Navigating Taxes IN Retirement
The road to lower tax paid runs through your entire lifetime, both pre- and post-retirement. The decisions you make before retirement critically impact your tax situation after retirement. But don’t dismiss the additional steps you can take within retirement to keep your taxes as low as possible. (This is especially important for a high net worth retirement, because the more money you have, the higher the taxes you’ll face.)
How is Social Security Taxed?
Social Security benefits are subject to taxation if your total combined income exceeds a certain limit known as the base amount.
- Combined income is equal to one-half of your Social Security benefits plus your adjusted gross income plus tax-exempt income
- Base amount for single filers is between $25,000 and $34,000
- Base amount for joint filers is between $32,000 and $44,000
- Base amount for married filing singly is $0
For 2021, the following chart shows how much of your Social Security benefits will be taxed based upon your combined income and filing status:
As you can see, there are 3 different percentages of your Social Security benefits that are subject to tax: 0 percent, 50 percent and 85 percent. The percentage of your benefits subject to taxes depends on how your combined income relates to the base amounts.
For example, single filers (including head of households and surviving spouses with a dependent child) who have a combined income of less than the $25,000 base amount do not pay taxes on their Social Security benefits, whereas those with combined income above the $34,000 base amount pay taxes on up to 85 percent of their benefits. If you fall somewhere within the base amount range, the amount of Social Security to include in your taxable income is the lesser of either:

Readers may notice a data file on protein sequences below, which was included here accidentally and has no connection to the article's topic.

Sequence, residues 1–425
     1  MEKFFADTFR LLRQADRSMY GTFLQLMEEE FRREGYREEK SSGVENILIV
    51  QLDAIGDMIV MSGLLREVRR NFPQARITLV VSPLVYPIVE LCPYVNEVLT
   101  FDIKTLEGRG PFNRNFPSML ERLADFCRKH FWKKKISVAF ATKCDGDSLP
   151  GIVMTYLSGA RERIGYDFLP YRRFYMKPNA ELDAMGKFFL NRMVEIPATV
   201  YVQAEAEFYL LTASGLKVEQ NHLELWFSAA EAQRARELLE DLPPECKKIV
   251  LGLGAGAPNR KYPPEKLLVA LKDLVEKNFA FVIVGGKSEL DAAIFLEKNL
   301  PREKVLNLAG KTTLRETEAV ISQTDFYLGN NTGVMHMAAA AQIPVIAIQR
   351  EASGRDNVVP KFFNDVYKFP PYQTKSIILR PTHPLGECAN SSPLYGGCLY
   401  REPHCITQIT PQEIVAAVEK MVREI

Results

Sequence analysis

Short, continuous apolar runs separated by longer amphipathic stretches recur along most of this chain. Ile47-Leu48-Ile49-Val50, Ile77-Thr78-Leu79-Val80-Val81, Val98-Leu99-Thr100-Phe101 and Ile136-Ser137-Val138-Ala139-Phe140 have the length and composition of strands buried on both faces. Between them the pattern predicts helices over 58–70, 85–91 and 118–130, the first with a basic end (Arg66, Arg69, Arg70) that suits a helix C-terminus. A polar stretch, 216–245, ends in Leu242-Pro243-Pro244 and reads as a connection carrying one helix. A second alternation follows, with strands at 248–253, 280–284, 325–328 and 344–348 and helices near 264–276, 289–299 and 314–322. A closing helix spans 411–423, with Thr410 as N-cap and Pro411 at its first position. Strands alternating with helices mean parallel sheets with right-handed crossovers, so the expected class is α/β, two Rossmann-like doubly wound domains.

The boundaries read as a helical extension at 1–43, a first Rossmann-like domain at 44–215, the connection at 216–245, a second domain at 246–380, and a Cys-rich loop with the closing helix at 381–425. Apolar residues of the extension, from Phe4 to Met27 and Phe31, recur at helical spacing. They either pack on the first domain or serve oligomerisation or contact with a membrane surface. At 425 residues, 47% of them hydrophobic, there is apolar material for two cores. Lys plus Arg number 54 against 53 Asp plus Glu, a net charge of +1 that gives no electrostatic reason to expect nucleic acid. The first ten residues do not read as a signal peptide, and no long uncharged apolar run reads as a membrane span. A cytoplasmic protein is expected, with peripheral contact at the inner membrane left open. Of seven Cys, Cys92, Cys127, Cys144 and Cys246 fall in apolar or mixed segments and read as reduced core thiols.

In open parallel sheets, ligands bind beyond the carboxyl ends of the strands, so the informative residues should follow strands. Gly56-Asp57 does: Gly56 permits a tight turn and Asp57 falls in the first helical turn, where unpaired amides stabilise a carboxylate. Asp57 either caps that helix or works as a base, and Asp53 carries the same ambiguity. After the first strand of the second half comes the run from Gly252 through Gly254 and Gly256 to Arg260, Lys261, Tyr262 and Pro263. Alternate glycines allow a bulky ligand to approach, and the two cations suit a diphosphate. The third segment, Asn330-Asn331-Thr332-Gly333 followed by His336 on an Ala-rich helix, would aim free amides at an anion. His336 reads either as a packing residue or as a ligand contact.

- Half of your annual Social Security benefits or
- Half of the difference between your combined income and the IRS base amount.
The calculations get trickier if your income exceeds the higher base amount. Thankfully, IRS Publication 915 has all the details including a worksheet you use to figure the correct amount of your benefits to include in taxable income. Heritage Capital can also help! We can help you run numbers based on your specific situation and update your financial plan accordingly. We can also explain different tax-planning strategies that can help you keep more of your money as opposed to paying it to Uncle Sam. Check out our new guide: Understanding Social Security.
Taxes can be confusing and complicated. Besides federal income tax, 12 states also tax Social Security benefits in 2021: Colorado, Connecticut, Kansas, Minnesota, Missouri, Montana, Nebraska, New Mexico, Rhode Island, North Dakota, Vermont and Utah. If you’re unsure about how taxes will affect your retirement, talk to a financial advisor.
How Is Retirement Income Taxed?
Different types of retirement income are taxed differently.
Traditional IRAs and 401(k)s
Distributions from Traditional IRAs and 401(k)s are treated as ordinary income, meaning you add the distributed amounts to your taxable income for the year. Distributions before age 59-½ may also be subject to a 10 percent early withdrawal penalty.
Distributions from Roth IRAs and 401(k)s are not subject to taxation, as long as you follow the rules.
You’ll receive IRS Form 1099-R for any pension income and withheld taxes. According to the IRS, your pension could be fully or partially taxable, depending on how the money was contributed. If all the money was contributed by your employer, or the money was contributed pre-tax, it will be taxed when withdrawn. If the money was contributed after-tax, it will not be taxed when withdrawn.
If you will receive a pension in retirement, talk to your financial advisor about how your plan works.